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Don't Take Your New Joint for Granted: Follow-Up Care

Plan for regular follow-up visits with your surgeon after surgery.
What are implants made of ?Español

Hip and knee surgeons are not surprised when they find that someone who comes into the office for a problem had a hip or knee replacement done many years prior without any further follow up. Many people are unaware that they should follow up with their surgeon as part of the long-term care for joint replacements. Despite most hip and knee replacements now lasting for 15-20 years, it is important to follow up and not take your new joint for granted.

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Joint Replacement Means a Lifestyle Change

In order to get the full benefit of the implant, you must care for your hip or knee replacement – which includes consistent follow up with your surgeon. This is the same idea as owning a car for a long time. You would want to monitor your vehicle for problems if you wanted it to continue running for a long time. It is possible that your replaced joint will not last forever. Your age, activity level, body weight, overall health and type of device implanted are several of the factors that go into how long your joint replacement will last.

A rule of thumb that surgeons follow is a 1% per year revision rate. This means that at 10 years, about 10% of patients will likely have had an additional surgery for any reason, and at 20 years that number would be about 20%. The flip side to this is that at 20 years, 80% of patients will still have the same joint replacement functioning well!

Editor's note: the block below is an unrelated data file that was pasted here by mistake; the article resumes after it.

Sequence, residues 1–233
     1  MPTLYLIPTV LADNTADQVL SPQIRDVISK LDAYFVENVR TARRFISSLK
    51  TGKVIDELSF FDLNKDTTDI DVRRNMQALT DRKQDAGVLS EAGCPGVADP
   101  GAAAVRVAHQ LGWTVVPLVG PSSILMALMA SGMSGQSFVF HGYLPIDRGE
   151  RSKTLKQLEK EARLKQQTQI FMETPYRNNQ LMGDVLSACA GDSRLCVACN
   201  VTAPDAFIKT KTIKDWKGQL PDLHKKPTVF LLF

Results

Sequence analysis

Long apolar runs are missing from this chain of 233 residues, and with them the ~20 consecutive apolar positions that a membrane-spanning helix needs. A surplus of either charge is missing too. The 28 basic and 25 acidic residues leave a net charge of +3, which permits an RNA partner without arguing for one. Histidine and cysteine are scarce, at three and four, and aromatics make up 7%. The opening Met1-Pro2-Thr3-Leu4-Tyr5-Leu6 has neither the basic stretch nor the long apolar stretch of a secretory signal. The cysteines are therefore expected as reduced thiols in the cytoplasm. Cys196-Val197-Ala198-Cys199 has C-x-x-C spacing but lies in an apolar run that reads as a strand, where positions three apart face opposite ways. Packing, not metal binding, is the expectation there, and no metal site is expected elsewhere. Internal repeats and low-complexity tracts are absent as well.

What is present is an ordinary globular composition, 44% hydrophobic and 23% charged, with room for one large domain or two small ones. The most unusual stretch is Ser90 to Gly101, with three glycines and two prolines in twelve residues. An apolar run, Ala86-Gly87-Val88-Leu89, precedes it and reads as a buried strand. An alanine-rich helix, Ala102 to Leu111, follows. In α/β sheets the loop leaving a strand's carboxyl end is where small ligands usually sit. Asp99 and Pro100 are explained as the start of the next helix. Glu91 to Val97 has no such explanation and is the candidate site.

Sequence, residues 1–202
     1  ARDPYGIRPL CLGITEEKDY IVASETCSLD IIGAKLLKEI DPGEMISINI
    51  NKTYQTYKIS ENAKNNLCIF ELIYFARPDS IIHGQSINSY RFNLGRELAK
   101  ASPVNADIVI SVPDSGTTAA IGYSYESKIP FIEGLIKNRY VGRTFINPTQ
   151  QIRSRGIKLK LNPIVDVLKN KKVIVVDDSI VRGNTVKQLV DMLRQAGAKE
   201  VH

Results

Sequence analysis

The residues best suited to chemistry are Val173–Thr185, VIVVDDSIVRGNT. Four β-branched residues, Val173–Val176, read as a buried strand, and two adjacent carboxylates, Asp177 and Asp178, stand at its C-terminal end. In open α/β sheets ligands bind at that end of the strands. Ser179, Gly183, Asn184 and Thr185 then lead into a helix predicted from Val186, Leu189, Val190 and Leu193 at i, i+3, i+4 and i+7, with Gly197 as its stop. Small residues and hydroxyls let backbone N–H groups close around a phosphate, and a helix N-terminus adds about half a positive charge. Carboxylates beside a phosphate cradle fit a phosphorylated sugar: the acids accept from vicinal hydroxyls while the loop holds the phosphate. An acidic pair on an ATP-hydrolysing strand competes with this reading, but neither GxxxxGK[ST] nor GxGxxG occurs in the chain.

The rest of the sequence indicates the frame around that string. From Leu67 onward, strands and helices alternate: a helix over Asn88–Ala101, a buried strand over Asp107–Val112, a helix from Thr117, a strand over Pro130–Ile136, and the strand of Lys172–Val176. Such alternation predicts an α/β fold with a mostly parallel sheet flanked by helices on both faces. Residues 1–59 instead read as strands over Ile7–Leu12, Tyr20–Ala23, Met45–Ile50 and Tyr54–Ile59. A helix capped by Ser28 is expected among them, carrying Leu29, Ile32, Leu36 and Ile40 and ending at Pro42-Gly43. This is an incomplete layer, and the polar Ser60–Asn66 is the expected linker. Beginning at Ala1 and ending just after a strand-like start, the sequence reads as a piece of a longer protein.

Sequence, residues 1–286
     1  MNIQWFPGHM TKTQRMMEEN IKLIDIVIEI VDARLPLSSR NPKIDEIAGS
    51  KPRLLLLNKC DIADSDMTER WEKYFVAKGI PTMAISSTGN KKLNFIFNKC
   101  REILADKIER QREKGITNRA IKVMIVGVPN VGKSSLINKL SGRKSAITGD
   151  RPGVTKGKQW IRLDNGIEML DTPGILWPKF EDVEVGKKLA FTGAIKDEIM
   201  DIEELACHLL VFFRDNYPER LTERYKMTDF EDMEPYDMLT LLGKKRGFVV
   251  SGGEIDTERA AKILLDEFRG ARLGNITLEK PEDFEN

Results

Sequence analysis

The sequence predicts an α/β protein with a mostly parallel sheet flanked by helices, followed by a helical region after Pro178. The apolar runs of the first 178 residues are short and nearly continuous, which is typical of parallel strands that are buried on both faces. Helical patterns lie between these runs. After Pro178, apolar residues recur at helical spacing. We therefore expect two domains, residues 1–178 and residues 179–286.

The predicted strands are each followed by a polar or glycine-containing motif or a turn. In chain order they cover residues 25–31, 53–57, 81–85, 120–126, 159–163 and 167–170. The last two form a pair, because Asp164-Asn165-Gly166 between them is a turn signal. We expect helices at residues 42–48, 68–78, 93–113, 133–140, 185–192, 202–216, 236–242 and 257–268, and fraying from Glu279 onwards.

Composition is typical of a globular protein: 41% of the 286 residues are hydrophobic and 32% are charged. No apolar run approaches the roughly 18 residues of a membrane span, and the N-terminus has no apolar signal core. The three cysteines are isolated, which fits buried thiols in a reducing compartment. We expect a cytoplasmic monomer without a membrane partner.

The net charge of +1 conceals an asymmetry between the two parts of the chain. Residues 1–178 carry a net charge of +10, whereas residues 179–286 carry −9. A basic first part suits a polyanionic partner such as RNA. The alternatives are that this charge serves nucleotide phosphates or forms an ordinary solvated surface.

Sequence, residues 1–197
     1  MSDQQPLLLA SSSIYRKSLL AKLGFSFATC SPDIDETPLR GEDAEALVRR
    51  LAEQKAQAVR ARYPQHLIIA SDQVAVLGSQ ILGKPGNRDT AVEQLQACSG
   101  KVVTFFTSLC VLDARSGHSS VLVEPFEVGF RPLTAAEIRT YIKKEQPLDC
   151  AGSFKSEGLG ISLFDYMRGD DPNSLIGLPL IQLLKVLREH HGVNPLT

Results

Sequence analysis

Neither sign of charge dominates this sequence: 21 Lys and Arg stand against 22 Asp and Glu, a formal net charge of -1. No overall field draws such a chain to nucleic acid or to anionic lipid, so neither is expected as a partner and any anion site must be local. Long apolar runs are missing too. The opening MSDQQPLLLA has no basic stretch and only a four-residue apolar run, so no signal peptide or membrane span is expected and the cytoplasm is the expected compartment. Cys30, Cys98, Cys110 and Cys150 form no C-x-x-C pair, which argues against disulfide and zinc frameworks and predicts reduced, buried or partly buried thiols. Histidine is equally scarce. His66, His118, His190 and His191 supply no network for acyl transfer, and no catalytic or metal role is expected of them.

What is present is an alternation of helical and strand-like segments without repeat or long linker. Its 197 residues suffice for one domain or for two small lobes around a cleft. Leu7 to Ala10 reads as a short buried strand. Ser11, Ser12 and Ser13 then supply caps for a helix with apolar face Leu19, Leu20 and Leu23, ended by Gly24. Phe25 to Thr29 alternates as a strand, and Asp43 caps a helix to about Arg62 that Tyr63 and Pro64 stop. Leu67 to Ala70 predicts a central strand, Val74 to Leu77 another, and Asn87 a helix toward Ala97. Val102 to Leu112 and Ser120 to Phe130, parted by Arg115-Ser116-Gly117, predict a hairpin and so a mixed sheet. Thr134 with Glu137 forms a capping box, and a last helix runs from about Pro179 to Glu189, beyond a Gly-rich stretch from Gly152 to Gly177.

What does “wearing out” of a joint mean?

If you live with a joint replacement long enough, it may eventually wear out. Those who participate in high impact activities may wear their joint replacement out sooner than others. This is quite similar to the brakes on your car. When you drive your car, the brakes will eventually wear down and need to be replaced, but a race car will need new brakes much more frequently than a commuter car. A young, active person with a joint replacement will put a lot more wear on their implants compared to an older person who walks short distances daily.

Just as brake pads wear down on a car, the liner in both hip and knee implants will typically wear down over time. For the hip, a ball moves in the socket, which contains either a plastic or ceramic liner. For the knee, the implant on the end of the thigh bone moves back and forth on the implant on top of the shin bone over the plastic liner. Read this article from AAHKS, “What are hip and knee replacement implants made of?

Most of the time, the wearing out of the joint doesn’t cause an obvious problem. You may notice minimal pain, slight grinding or develop a small limp. However, the only detectable sign may be subtle findings on new x-rays. If caught early, the required surgery could include just exchanging the plastic liner which has an easy recovery compared to a full revision surgery.

Often, when symptoms of increasing pain or worsening grinding occur from a hip or knee replacement, it may be too late to just replace the plastic liner. This type of revision surgery may include exchanging the metal parts in addition to the plastic liner. Think of it as ignoring the squeaking brakes in your car, and when you finally take your car to the mechanic, they find further damage. Now instead of just getting new brake pads, the whole brake system needs to be replaced! Good communication with your physician is critical when you start to notice small changes in your joint replacement or if you haven’t seen your surgeon in a while.